What is t-commerce, exactly?
If you Google t-commerce (or tcommerce), you’ll get results describing touch commerce (mobile), tablet commerce, Twitter commerce (no kidding), and television commerce.
Will the real t-commerce please stand up?
I won’t argue that the other T’s aren’t valid. But on this blog, t-commerce denotes television commerce, anything to do with tablets is m-commerce (mobile commerce), and anything social is social commerce (unless it’s Facebook, which has earned it’s F).
T-commerce tastes like it sounds. It’s the use of television to facilitate transactions over the Internet. Research by PayPal in late 2011 found 49% of TV subscribers have interest in purchasing goods and services through their television or other “screen” like smartphones and tablets.
At least 11 t-commerce initiatives are taking advantage of connected TV’s transactional capabilities today:
Purchases or donations relevant to programming being viewed can be made through the TV using the remote control or on tablet/smartphone. Comcast is experimenting with coupons delivered direct-to-PayPal Wallet during television ads.
It comes as no surprise that interactive advertising has arrived. The TiVo interactive tag shown during adverts indicates the ability to “buy now” with PayPal. The television program is paused while the user transacts, and picks up where the viewer left off.
Available to UK shoppers, Zeebox users can purchase products advertised on TV through their tablet or smartphone. Clicking on the tag takes the user directly to the product page of a trusted Web merchant such as Amazon or Tesco, or to the brand’s Web site for more information. Zeebox knows what people are watching, and serves relevant content and buying options in sync with live TV.
A consortium between cable companies working on retrofitting digital cable boxes with software that receive interactive advertisements. Participating channels include Bravo, USA and History.
Rovi is the leader in on-screen program guides and has developed its own t-commerce capabilities, with NBC and Fox on board. The EPG (electronic program guide) itself is “shoppable.”
T-commerce is a natural move for the Home Shopping Network. It’s the first retailer to use QR codes on-air. Scan your TV screen and you are directed to a product information page, with access to checkout.
For its Sons of Anarchy series, fans can buy jewelry and clothing worn by cast members, plus other swag, through an iPad app. The app uses QR codes and leverages ACR (automatic content recognition) that syncs with the show’s broadcast to show which products are available for which scene. It also uses BD-Live technology to support t-commerce that syncs with Blu-ray discs.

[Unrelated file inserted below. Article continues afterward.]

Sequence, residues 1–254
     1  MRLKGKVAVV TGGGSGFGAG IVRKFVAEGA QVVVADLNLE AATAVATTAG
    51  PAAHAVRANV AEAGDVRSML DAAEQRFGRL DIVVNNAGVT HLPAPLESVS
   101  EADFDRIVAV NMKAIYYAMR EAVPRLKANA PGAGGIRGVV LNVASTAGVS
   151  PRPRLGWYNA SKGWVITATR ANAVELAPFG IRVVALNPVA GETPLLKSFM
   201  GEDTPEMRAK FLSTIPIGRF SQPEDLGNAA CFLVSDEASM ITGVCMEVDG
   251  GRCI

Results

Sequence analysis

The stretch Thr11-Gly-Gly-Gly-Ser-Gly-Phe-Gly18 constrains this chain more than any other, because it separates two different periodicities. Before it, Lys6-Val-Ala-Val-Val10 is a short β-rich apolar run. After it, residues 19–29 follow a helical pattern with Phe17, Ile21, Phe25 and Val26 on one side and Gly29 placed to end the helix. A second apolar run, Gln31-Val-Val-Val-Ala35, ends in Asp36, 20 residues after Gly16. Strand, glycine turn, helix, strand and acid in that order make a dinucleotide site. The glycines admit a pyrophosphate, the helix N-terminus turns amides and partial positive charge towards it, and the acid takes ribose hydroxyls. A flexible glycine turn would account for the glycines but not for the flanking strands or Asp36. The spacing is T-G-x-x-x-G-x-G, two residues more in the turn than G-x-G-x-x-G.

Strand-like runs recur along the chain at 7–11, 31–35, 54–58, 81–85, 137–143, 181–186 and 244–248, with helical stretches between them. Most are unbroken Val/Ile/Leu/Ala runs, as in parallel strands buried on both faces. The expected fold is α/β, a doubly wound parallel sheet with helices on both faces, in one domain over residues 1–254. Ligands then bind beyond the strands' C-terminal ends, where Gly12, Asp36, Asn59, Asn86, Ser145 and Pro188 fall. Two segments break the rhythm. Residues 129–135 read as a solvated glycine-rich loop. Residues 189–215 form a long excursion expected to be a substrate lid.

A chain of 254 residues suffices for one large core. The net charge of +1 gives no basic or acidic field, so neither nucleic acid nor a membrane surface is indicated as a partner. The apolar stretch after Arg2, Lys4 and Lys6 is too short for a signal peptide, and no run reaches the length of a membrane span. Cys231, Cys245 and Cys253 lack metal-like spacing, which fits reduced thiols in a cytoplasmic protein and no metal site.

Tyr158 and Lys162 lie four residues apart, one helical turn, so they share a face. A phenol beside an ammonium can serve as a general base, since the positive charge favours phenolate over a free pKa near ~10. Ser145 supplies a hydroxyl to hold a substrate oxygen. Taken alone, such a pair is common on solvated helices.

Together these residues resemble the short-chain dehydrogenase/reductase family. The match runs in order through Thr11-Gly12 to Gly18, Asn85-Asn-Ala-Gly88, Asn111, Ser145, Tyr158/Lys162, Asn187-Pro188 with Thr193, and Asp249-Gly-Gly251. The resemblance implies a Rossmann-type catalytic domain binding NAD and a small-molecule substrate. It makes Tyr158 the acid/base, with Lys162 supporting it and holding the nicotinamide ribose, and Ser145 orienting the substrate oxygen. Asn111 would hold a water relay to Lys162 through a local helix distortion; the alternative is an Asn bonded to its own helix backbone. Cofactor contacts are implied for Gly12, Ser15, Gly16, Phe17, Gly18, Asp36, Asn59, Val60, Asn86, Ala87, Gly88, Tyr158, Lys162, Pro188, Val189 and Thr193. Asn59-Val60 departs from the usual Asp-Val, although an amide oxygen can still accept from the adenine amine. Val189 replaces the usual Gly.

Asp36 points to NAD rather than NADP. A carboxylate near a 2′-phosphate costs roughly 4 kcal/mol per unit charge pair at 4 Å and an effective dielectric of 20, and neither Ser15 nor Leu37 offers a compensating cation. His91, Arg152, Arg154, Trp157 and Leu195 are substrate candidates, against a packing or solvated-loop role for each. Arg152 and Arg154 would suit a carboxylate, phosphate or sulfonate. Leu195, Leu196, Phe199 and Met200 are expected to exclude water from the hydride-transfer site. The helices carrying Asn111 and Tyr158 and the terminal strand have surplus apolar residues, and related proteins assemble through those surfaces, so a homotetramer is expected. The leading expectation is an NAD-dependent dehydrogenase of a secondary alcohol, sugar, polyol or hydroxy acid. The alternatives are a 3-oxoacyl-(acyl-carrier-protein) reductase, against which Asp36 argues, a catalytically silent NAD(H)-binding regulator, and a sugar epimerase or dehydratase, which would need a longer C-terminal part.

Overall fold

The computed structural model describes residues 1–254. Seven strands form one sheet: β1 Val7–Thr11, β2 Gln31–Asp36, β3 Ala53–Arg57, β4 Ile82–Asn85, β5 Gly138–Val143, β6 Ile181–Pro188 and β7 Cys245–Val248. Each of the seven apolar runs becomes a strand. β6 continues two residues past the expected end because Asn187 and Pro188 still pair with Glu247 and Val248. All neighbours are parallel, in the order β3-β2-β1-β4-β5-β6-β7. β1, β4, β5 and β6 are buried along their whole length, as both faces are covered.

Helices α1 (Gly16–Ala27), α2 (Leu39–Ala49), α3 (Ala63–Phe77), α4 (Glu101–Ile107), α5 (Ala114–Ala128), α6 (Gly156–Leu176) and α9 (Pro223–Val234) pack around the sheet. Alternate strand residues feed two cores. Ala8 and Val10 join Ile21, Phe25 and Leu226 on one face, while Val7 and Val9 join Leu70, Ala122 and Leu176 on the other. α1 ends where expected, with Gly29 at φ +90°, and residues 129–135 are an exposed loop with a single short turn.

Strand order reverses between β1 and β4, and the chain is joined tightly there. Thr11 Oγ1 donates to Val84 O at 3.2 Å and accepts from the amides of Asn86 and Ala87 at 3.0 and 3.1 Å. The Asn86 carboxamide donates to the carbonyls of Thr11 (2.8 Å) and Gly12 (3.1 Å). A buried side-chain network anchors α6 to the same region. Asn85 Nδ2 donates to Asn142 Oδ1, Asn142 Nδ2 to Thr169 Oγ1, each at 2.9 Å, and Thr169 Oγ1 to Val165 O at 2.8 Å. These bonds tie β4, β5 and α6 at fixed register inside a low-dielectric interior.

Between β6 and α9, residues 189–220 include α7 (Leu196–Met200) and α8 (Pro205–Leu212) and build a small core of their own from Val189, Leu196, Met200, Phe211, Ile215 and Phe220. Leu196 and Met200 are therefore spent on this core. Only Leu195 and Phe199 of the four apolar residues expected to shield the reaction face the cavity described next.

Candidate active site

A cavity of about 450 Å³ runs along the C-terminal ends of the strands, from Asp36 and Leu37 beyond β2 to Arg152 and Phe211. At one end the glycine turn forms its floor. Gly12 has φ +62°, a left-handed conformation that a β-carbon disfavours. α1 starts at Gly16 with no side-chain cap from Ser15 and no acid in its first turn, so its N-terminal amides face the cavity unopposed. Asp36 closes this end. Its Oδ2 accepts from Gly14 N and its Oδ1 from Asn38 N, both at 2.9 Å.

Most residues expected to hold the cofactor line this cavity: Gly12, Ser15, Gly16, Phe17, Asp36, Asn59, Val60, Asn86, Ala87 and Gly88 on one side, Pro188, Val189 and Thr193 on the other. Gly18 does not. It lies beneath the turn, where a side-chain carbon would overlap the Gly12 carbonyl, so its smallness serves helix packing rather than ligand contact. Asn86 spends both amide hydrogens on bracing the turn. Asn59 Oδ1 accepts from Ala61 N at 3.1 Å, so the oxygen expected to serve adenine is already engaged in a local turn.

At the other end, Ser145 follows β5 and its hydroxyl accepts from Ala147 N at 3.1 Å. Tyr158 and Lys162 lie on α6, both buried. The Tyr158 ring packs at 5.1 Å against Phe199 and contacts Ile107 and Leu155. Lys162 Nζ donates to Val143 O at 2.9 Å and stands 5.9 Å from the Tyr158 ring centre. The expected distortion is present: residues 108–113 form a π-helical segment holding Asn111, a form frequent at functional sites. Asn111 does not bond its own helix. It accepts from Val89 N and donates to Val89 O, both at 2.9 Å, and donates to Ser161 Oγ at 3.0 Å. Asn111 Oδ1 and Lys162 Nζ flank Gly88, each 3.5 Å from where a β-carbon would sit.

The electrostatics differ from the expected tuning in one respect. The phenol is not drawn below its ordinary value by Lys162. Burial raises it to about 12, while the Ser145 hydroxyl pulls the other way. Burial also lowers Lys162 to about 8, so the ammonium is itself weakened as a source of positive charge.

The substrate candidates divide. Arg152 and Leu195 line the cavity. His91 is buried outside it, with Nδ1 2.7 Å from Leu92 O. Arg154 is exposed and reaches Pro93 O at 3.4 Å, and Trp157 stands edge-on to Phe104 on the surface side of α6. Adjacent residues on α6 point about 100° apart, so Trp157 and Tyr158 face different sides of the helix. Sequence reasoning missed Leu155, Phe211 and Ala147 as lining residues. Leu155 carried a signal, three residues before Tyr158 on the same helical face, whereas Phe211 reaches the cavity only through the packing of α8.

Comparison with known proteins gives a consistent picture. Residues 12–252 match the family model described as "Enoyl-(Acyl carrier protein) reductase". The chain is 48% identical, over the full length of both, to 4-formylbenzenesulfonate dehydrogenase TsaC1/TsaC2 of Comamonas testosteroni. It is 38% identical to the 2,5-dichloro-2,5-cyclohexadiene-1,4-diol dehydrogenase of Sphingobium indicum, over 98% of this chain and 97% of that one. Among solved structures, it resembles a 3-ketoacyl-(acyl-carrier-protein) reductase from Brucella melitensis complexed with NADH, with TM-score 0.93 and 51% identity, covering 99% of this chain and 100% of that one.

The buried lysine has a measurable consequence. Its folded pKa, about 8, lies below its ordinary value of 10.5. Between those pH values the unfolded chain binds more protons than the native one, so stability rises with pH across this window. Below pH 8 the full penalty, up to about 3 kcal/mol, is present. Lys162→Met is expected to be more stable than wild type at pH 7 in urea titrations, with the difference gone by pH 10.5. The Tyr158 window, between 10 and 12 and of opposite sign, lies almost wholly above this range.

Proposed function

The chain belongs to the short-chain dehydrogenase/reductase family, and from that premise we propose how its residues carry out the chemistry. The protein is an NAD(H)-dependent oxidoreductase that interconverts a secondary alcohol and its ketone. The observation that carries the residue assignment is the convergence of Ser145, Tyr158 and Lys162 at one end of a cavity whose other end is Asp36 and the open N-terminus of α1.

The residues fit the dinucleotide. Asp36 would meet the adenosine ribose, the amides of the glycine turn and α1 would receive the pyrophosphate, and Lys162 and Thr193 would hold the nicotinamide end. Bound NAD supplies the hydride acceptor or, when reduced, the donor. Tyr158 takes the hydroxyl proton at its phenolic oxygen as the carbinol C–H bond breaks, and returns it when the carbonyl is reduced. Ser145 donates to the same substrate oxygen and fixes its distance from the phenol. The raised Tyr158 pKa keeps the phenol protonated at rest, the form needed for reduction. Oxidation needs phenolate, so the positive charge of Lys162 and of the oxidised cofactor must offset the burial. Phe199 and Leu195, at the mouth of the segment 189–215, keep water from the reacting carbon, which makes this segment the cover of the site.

Shazam also uses automatic content recognition to support tagging of video content for the USA Network series Covert Affairs through Apple and Android devices. Tagging not only identifies the show, but supports product purchase through a mobile storefront and a partnered TV Wallet. Viewers are served contextually relevant product offers while watching the show. NBC Universal is reported to be the next network on board.
eBay and PayPal’s “Watch with eBay” tab on the eBay iPad app allows shoppers to buy what they see on TV. After downloading the app, users select their local cable service and program they are currently watching from a program grid. With co-operation from networks, cable providers, studios and local stations, the app will be able to identify products in each scene.
FiOS TV subscribers can order products from the History channel via remote control, such as brands featured in Pawn Stars or DVDs of individual series. Though the t-commerce functionality took 500 days to build, the ability to order through the TV rather than redirected through a separate device (tablet, smartphone or PC) drives higher conversion rates.
Digital wallets play a key role in t-commerce for telcos like Verizon. Inflated cable bills could drive cancellations of other subscription services, so it’s better to separate it onto a separate bill, whether that’s through PayPal or Google Wallet, or in-house billing solution.
Also uses ACR to recognize media and tag products without the use of QR codes, interrupted viewing and redirection. Zazum sees potential applications like game show interactivity, where time-limited coupons could be offered. It has launched an app SeeLoveBuy for Apple devices that automatically detects “cues” in a program and displays information about what’s on the television screen.
This isn’t the last we’ll see of t-commerce. As new technologies emerge and more shows adopt in-program shopping capabilities, we can expect even more innovation.